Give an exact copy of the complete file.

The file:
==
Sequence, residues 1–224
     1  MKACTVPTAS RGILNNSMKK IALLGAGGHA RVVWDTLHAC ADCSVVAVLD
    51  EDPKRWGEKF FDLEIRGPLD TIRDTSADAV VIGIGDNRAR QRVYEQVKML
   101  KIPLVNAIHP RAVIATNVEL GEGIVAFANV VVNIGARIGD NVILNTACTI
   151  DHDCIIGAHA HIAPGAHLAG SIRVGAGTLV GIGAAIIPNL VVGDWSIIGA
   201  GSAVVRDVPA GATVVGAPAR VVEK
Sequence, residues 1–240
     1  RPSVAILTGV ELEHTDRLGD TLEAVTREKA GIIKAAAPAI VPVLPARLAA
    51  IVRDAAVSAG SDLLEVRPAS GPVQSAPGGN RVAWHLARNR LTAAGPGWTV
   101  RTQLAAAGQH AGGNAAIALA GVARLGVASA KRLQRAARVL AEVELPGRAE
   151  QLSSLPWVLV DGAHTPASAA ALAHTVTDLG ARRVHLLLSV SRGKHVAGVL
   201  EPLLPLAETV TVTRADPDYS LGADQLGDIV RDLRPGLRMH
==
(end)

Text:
Sequence, residues 1–224
     1  MKACTVPTAS RGILNNSMKK IALLGAGGHA RVVWDTLHAC ADCSVVAVLD
    51  EDPKRWGEKF FDLEIRGPLD TIRDTSADAV VIGIGDNRAR QRVYEQVKML
   101  KIPLVNAIHP RAVIATNVEL GEGIVAFANV VVNIGARIGD NVILNTACTI
   151  DHDCIIGAHA HIAPGAHLAG SIRVGAGTLV GIGAAIIPNL VVGDWSIIGA
   201  GSAVVRDVPA GATVVGAPAR VVEK
Sequence, residues 1–240
     1  RPSVAILTGV ELEHTDRLGD TLEAVTREKA GIIKAAAPAI VPVLPARLAA
    51  IVRDAAVSAG SDLLEVRPAS GPVQSAPGGN RVAWHLARNR LTAAGPGWTV
   101  RTQLAAAGQH AGGNAAIALA GVARLGVASA KRLQRAARVL AEVELPGRAE
   151  QLSSLPWVLV DGAHTPASAA ALAHTVTDLG ARRVHLLLSV SRGKHVAGVL
   201  EPLLPLAETV TVTRADPDYS LGADQLGDIV RDLRPGLRMH